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Elizabeth Trujillo Contributes Chapter to Book on “Legal Pathways to Deep Decarbonization in the United States”
May 2, 2019
Elizabeth Trujillo, a professor of law at Texas A&M University and a Texas A&M Energy Institute faculty affiliate, is a co-author of a new book titled, “Legal Pathways to Deep Decarbonization in the United States,” published by the Environmental Law Institute (ELI).
Article by: Uniqua Williams
This new book is a legal “playbook” based on two reports by the Deep Decarbonization Pathways Project (DDPP) that seeks to present and discuss the legal issues raised by DDPP in greater detail. According to its vision, DDPP was established as “a global collaboration of energy research teams charting practical pathways to deeply reducing greenhouse gas emissions in their own countries. It is predicated on taking seriously what is needed to limit global warming to 2°C or less.”
Trujillo’s chapter, written for policy makers, highlights the legal challenges associated with the more than 1,000 pathways for reducing greenhouse gas emissions for all sectors of government – local, federal, state, and private governance.
“The main audience for the book is policy makers around the U.S.,” said Trujillo, indicating that the book can provide a basis “so they can actually start thinking about laws, regulations, policies, and strategies to decarbonization.”
Aiming to be a practical guide, the text details how to implement the DDPP’s decarbonization strategies in the U.S. and identifies how trade can contribute to sustainable development. Expected to have a 10 year life span, the content covered in the book will prove beneficial both now and in the future, and will be a resource for different researchers and scholars to find synergy.
Further, an emphasis is placed on the importance of utilizing or creating laws to achieve deep decarbonization, while simultaneously benefitting society environmentally, socially, and economically.
“Legal Pathways to Deep Decarbonization in the United States” has received many outstanding reviews by many leaders in the field of decarbonization and sustainable development. In early May, there will be a podcast discussing more about the book.
Opportunities for the Future
“The whole society can contribute to decarbonization in different ways,” said Trujillo, “But there is not a lot of awareness. This book can help with that.”
Creating laws that make deep decarbonization achievable can improve the economy by establishing more markets and jobs. It may also allow for an increase in innovations and technological advancements.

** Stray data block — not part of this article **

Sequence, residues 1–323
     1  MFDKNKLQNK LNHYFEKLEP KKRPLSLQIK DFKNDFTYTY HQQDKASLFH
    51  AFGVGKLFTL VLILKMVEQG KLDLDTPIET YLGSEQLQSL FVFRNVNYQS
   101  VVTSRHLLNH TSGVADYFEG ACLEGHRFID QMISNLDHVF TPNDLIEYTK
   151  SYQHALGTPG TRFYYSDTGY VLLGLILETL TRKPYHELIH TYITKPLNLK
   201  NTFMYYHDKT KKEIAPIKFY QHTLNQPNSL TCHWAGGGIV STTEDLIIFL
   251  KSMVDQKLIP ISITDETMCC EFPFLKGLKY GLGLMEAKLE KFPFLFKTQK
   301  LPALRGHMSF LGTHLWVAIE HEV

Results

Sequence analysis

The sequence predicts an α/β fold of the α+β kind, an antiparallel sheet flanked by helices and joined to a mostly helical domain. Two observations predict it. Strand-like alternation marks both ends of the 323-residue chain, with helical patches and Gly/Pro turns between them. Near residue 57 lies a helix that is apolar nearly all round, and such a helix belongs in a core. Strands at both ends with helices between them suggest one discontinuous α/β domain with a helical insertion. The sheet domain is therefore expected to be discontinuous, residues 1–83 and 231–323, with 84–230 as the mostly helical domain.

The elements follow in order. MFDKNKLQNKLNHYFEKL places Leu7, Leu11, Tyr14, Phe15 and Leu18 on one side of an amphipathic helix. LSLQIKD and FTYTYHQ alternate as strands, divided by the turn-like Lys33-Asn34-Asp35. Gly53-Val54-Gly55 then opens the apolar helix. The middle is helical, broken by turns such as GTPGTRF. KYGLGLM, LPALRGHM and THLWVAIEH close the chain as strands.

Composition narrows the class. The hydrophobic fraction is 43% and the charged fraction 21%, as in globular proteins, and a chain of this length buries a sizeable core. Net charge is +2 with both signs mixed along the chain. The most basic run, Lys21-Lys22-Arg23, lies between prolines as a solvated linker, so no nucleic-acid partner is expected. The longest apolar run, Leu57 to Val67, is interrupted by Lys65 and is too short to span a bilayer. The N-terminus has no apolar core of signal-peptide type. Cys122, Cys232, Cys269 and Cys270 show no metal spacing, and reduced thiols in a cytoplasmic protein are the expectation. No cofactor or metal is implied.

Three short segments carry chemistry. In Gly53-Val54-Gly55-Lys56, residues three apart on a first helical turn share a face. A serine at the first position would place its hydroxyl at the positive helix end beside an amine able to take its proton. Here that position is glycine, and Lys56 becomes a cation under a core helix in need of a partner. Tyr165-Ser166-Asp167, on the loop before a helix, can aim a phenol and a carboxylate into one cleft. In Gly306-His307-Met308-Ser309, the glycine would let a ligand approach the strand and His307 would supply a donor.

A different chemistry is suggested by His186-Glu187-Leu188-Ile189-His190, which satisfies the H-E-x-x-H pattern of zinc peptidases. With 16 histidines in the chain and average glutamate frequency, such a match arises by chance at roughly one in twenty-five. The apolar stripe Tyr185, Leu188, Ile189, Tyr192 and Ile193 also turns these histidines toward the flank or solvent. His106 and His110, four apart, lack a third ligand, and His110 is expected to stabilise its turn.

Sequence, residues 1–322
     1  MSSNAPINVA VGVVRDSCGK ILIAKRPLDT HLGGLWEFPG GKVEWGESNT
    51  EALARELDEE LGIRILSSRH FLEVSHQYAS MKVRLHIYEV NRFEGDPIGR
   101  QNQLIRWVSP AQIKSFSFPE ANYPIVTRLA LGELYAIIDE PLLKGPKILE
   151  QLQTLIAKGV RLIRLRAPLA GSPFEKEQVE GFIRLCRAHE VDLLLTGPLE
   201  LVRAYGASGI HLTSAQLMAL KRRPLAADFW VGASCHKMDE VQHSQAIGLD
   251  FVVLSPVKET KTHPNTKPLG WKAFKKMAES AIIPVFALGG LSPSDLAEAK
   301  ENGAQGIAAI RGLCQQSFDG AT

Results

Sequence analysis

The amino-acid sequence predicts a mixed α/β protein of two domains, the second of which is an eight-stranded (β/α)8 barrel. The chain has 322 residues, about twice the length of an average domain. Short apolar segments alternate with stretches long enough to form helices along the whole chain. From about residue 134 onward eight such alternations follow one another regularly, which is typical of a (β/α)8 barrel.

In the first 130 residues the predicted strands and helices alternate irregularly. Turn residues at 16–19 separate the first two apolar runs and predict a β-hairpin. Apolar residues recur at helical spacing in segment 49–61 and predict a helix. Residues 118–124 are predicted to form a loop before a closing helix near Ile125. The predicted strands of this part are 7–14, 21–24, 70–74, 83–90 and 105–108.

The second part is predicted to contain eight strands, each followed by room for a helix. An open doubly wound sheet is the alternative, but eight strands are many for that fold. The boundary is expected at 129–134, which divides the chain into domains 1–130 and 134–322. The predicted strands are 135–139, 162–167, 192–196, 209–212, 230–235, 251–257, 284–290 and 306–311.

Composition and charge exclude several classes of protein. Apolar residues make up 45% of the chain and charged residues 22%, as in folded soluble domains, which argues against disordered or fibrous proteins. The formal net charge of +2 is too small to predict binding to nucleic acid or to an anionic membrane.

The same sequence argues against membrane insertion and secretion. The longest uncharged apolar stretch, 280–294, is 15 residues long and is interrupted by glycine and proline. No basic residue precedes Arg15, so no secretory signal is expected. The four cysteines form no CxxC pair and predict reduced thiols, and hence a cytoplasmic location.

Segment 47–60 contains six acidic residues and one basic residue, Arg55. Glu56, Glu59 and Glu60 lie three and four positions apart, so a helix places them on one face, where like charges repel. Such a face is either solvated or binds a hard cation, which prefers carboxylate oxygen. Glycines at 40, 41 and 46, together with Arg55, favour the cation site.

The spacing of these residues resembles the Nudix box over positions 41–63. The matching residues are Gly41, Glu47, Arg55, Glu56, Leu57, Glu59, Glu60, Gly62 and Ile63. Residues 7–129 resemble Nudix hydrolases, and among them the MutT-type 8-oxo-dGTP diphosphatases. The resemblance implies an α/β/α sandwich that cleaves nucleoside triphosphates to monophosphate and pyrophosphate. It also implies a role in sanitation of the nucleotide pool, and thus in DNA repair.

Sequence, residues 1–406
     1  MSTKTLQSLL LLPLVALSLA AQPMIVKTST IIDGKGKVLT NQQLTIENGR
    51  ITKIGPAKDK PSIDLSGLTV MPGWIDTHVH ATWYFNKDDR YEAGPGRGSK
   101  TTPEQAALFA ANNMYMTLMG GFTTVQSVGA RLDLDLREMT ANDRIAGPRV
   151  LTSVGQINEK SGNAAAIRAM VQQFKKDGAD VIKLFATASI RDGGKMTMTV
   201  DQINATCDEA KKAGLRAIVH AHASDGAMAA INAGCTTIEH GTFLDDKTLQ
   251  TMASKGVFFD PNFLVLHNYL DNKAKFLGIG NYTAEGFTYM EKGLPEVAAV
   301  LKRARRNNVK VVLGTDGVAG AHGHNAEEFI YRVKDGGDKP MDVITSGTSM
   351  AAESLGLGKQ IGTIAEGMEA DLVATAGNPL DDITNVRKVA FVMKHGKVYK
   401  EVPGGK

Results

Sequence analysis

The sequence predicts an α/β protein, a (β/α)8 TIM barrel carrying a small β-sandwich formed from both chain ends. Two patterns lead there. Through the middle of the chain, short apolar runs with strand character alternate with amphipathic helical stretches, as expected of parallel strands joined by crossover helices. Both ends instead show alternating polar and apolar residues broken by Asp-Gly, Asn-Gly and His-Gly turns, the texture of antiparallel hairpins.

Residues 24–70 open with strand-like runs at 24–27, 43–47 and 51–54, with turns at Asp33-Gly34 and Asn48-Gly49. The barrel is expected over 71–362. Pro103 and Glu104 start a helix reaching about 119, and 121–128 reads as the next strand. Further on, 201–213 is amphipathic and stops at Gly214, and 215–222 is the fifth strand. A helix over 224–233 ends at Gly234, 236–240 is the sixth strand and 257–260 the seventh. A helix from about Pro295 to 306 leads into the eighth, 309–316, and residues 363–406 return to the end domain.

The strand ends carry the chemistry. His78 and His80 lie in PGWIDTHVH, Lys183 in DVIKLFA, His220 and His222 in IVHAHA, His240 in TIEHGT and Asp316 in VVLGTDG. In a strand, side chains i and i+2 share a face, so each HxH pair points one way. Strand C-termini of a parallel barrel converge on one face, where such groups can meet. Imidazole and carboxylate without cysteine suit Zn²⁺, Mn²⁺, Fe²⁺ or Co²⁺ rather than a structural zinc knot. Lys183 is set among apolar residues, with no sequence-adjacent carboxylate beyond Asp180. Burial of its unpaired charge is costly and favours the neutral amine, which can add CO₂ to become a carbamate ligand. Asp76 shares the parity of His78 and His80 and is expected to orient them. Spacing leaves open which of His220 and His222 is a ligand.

Not only does the book’s message possess potential for future economic benefits, it also promises various environmental advantages. Deep decarbonization can influence production change by creating a more sustainable system that utilizes renewable materials to decrease waste.
The topics addressed in this book has potential to further advance agriculture, forestry, and balance supply and demand for essential natural resources.
To learn more about “Legal Pathways to Deep Decarbonization in the United States” or purchase a physical copy, visit https://www.eli.org/eli-press-books/legal-pathways-deep-decarbonization-united-states.
About the Co-Author
Elizabeth Trujillo, who is currently writing a book with the Cambridge University press that covers the relationships between international trade and sustainable development, contributed a chapter on trade considerations for decarbonization strategies in the “Legal Pathways to Deep Decarbonization in the United States.”
Contributing to this book provided Trujillo the opportunity to weigh in from a trade perspective.
“This was a great opportunity because I have been writing a lot about sustainable development and trade,” said Trujillo.
Trujillo has researched the relationship between trade and the environment quite extensively. She has studied its relationship with sustainable development and the ways in which clean energy intersects with them.”What’s exciting about the project is that it’s getting a lot of traction and it has confirmed my belief that people have been starting to move in this direction and trade and environmental communities need to talk to each other about these things,” said Trujillo.
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